'No part of the said sum of $ 13,035.30 has been paid and there are no set-offs or counterclaims to the same and that no security is held by the State of New York for such debt.

 Manifestly, the cost of each grade crossing elimination, and the share thereof to be borne and repaid to the State by the railroad company, could not be ascertained until the work was completed and the cost figures available and determination made by the Comptroller which was subject to review, and in several instances was actually reviewed, by the Appellate Division of the Supreme Court of the State of New York, and this bankruptcy proceeding having meanwhile intervened, the State could not perfect its claimed lien without the permission of this court. An application for leave to do so and for payment was the proper remedy. In re Tyler, 149 U.S. 164, 184, 13 S. Ct. 785, 37 L. Ed. 689.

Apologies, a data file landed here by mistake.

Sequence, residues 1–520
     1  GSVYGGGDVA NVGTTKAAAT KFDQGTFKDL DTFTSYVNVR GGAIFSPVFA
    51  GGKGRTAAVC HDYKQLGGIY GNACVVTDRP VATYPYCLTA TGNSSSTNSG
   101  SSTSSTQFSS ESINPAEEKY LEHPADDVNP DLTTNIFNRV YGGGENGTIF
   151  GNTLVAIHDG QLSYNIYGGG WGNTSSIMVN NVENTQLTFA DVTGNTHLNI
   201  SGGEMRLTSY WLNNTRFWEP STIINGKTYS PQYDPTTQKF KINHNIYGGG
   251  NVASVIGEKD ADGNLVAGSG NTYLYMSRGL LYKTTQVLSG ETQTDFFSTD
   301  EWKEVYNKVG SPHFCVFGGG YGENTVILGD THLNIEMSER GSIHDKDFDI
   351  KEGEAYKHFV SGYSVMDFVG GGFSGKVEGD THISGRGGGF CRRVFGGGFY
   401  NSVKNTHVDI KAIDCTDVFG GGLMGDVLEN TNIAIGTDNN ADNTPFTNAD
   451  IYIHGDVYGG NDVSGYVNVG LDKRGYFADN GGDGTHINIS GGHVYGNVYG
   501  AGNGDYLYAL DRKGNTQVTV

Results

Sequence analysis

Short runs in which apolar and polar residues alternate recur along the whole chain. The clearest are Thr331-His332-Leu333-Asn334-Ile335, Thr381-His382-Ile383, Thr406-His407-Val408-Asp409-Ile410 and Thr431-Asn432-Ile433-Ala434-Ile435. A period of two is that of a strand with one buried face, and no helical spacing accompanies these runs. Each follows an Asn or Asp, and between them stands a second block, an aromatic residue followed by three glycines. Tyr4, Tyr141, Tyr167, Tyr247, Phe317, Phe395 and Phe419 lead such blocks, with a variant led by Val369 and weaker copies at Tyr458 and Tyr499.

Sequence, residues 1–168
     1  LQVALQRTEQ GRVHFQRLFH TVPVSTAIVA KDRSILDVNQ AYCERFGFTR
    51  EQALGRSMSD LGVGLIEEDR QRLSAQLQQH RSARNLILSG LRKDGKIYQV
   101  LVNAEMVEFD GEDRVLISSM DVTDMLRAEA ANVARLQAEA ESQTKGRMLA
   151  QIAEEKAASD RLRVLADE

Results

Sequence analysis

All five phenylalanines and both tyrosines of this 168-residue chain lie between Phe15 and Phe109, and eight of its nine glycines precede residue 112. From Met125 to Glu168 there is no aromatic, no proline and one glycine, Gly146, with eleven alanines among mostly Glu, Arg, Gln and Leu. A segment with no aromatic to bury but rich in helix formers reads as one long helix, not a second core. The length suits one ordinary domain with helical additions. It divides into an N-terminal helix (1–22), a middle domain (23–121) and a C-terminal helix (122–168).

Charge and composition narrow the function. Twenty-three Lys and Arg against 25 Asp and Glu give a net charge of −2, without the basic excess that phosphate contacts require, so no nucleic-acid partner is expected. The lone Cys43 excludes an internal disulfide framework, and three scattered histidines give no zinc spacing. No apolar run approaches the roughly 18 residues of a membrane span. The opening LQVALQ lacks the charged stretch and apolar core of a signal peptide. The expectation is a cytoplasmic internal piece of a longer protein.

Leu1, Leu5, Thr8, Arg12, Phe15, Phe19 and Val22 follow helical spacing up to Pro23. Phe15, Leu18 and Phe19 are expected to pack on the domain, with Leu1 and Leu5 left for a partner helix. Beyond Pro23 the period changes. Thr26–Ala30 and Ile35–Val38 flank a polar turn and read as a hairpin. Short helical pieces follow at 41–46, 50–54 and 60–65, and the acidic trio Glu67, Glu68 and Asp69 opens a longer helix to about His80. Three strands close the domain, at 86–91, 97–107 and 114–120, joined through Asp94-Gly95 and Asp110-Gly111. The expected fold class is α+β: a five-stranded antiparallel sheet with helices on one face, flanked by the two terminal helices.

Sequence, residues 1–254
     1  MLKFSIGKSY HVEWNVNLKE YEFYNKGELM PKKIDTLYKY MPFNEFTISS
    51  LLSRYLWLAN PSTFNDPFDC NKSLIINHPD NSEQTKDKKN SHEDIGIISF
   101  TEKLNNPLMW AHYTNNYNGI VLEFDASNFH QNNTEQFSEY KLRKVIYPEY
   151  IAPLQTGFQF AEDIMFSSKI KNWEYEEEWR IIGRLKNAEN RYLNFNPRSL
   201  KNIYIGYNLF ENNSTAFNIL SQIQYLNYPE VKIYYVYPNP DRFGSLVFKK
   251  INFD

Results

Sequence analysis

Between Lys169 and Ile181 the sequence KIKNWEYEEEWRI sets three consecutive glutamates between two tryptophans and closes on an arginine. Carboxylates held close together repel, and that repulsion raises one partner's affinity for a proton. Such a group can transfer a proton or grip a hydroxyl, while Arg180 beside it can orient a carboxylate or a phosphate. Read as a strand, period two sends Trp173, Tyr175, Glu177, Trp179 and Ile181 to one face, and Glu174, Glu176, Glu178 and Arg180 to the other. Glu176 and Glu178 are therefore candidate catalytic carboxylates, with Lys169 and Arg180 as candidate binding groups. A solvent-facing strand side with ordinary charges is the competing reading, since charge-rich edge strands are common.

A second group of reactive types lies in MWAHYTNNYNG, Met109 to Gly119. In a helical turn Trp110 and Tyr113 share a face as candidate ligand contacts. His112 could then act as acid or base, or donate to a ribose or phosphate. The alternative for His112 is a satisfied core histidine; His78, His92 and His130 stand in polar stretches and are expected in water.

The franchise granted by the Legislature to the debtor, or its predecessor, to operate its railroad in this State was subject to such reasonable restrictions in the interest of public safety as the State might undertake to impose. Matter of Staten Island Rapid Transit R. Co. 220 App.Div. 80, 221 N.Y.S. 129, affirmed 245 N.Y. 643, 157 N.E. 892.

 Such an exercise of the police power of the State was upheld by the U.S. Supreme Court in Erie Railroad Co. v. Board of Public Utility Commissioners, 254 U.S. 394, 410, 41 S. Ct. 169, 65 L. Ed. 322. The subject was reviewed at great length in the opinion in that case. See also Missouri, K, & T.R.R. Co. v. Oklahoma, 271 U.S. 303, 46 S. Ct. 517, 70 L. Ed. 957; Missouri Pac. R. Co. v. Omaha, 233 U.S. 121, 35 S. Ct. 82, 59 L. Ed. 157; and Denver & Rio Grande R. Co. v. Denver, 250 U.S. 241, 39 S. Ct. 450, 63 L. Ed. 958.